The Road Ended at the Beach, and Other Legends: Part 1 Curated by Brett Kashmere

The Road Ended at the Beach, and Other Legends: A Map Turned To Landscape Curated Brett Kashmere
Saturday, November 6, 2010 at 7:00 PM
Winnipeg Cinematheque

Panel discussion to follow with Brett Kashmere, Rick Hancox, Janine Marchessault and Phil Hoffman.

The Road Ended at the Beach and Other Legends represents the first critical survey of Canada’s mythic and amorphous “Escarpment School,” a loosely knit band of Ontario-based filmmakers that came together in the late-70s at Sheridan College, under the tutelage of Rick Hancox and Jeffrey Paull.

Its assumed “members” include Hancox, Carl Brown, Philip Hoffman, Mike Hoolboom, Richard Kerr, Gary Popovich and Steve Sanguedolce, while Janis Cole, Holly Dale, Marion McMahon, and Mike Cartmell are occasionally linked to the group. A number of other accomplished filmmakers and cultural producers, such as Lorne Marin, Lorraine Segato (of The Parachute Club), and Alan Zweig overlapped with and intersected this circle, through acts of collaboration, social interactions, inspiration, and friendship. The American filmmaker and scholar George Semsel, Hancox’s first teacher and mentor, also deserves mention, as many of the concerns expressed in the films of the “Escarpment School” can be located in Semsel’s own cinematic work.

Paradoxically, what is most noteworthy about the “Escarpment School” today, whether seen as a legitimate art-historical movement or as a PR strategy concocted from within, is its absence from the annals of Canadian cinema, despite the influence and accolades of the aforementioned individuals. Did the “Escarpment School” ever exist, and if so, what did it look like, what might it look like now (with the hindsight of historical perspective), and how do we evaluate its legacy? This four-part series seeks to celebrate the “Escarpment School” as a unique confluence in Canadian film history and to simultaneously expand the frame, by offering an inclusive, inter-generational interpretation of its membership.

Part I: A Map Turned To Landscape

The “Escarpment School” receives its name from the Niagara Escarpment, the most prominent of several land shelves formed in the bedrock of the Great Lakes, located several miles southwest of Sheridan College. All of its central figures either grew up around, or lived/worked in some proximity to the escarpment. While much of the “Escarpment School’s” history and activity is like cinema itself, spectral (now you see it, now you don’t), one manifest aspect is a desire for understanding through physical exploration and encounter with landscape. Taking their cameras on the road, to the ocean’s shoreline and across southern borders, the filmmakers featured here infuse rituals of masculinity with critical self-reflection and patient, poetic lensing; often conjoined in a diary or travelogue format.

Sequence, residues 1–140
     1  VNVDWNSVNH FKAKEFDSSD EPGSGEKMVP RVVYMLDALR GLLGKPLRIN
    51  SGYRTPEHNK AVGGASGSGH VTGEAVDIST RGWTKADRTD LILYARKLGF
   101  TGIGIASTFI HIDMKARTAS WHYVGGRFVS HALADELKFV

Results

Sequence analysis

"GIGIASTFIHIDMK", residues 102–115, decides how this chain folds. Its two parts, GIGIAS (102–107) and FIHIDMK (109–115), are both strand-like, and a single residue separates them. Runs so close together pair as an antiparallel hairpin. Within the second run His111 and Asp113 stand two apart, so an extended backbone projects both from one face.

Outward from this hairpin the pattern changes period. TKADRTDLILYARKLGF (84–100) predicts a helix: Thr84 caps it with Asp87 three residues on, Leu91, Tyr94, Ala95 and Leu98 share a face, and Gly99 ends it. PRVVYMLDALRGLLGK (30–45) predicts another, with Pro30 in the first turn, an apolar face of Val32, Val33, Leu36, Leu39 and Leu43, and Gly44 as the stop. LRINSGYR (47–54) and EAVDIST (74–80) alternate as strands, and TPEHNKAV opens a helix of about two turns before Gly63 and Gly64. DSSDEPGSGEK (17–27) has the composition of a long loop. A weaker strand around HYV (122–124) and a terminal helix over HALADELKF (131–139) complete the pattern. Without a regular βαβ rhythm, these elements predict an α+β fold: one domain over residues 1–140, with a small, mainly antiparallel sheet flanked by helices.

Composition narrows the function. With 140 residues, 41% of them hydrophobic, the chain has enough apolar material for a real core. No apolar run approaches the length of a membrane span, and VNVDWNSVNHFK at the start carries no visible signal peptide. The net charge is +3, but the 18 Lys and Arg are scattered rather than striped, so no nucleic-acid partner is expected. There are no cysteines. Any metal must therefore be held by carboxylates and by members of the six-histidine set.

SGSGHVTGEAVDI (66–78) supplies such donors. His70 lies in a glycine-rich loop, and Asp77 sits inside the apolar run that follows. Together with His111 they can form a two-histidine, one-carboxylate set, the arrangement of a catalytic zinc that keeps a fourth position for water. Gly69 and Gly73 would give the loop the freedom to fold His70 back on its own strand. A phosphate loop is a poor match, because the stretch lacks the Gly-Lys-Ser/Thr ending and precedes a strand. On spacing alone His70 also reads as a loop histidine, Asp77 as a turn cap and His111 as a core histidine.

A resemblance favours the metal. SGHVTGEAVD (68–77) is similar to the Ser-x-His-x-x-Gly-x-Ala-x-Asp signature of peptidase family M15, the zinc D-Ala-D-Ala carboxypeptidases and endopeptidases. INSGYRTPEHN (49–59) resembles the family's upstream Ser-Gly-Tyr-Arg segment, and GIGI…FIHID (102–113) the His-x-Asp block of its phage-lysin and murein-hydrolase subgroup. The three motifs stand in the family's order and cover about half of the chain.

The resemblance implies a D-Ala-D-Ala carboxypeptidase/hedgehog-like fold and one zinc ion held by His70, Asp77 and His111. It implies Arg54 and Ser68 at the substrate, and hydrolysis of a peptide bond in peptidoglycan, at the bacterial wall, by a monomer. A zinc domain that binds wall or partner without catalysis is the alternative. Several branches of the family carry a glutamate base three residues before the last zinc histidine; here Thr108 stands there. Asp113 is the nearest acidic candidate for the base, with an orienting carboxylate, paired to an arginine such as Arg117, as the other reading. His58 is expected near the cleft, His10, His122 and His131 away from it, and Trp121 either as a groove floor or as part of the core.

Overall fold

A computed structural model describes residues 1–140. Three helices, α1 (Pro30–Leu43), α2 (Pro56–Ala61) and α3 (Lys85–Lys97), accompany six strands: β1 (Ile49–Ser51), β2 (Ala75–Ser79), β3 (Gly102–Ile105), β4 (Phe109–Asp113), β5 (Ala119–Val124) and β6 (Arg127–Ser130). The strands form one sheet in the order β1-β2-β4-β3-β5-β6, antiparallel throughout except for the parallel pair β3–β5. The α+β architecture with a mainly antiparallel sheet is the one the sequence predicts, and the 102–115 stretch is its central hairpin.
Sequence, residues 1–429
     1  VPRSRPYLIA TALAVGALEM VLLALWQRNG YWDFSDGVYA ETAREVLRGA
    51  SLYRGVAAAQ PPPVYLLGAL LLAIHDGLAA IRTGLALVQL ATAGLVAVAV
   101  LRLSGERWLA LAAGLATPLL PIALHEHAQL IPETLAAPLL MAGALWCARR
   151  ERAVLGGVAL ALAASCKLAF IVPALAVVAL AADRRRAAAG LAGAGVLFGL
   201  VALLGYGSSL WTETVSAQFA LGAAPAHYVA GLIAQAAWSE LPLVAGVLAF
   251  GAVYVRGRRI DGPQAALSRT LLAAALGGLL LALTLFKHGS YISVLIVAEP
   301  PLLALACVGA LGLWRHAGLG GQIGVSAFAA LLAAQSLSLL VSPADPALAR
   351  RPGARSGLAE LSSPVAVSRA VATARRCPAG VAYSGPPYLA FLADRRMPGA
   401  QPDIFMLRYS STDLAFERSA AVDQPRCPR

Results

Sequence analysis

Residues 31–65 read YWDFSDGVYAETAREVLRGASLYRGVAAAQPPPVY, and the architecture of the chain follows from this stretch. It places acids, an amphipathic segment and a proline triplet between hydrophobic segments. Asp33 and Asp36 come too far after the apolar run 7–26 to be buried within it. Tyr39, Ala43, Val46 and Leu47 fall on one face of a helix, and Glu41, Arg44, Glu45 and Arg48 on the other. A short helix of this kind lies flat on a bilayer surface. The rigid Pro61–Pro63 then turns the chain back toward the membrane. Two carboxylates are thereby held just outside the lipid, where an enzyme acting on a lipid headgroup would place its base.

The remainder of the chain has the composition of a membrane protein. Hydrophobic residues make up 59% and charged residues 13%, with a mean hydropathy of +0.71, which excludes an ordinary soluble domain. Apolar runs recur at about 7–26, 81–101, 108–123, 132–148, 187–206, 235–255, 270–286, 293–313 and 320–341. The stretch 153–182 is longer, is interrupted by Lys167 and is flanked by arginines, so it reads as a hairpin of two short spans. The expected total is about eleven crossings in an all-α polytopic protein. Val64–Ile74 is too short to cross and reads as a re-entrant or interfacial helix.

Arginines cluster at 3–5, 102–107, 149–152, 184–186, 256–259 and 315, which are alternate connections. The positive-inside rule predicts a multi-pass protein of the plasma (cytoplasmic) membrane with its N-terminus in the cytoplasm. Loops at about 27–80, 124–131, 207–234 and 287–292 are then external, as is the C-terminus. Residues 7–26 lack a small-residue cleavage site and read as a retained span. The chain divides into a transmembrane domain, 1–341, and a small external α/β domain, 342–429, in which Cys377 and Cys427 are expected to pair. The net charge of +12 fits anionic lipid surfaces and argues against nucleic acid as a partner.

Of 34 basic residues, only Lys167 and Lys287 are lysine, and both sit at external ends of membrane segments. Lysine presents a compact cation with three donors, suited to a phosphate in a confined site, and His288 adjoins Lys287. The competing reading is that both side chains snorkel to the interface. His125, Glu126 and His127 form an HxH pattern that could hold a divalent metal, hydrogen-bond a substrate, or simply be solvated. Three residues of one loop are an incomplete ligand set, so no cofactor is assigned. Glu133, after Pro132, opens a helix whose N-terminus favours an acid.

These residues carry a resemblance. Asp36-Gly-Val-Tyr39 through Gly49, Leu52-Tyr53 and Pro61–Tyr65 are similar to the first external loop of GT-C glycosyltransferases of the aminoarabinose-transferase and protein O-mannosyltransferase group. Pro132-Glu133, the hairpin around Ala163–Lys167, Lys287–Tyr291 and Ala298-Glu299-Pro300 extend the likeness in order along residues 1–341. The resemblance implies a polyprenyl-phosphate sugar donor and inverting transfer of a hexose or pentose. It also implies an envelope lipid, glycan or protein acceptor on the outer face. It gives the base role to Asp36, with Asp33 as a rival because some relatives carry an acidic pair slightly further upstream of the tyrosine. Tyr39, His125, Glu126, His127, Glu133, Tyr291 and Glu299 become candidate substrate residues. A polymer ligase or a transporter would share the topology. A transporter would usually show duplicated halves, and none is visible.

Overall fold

Although varied in tone and texture, the films in this program share numerous qualities, including an attention to geography, a drive to record reality, the filtering of documentary material through individual experience, the looming presence of America, and a process-based, formalist approach to nonfiction. These characteristics in turn reflect the twin impact of the New American Cinema and its conterminous postwar movements, especially Beat literature, as well as the Canadian social documentary tradition, which were often viewed side-by-side in the “Escarpment School” classroom.


Landscape by George Semsel
Trains of Thought by Loren Marin
Beach Events by Rick Hancox
The Road Ended At The Beach by Philip Hoffman
His Romantic Movement by Richard Kerr
Somewhere Between Jalostatitlan and Encarnacion by Philip Hoffamn
Mexico by Mike Hoolboom & Steve Sanguedolce


~ by cineflyer on October 31, 2010.

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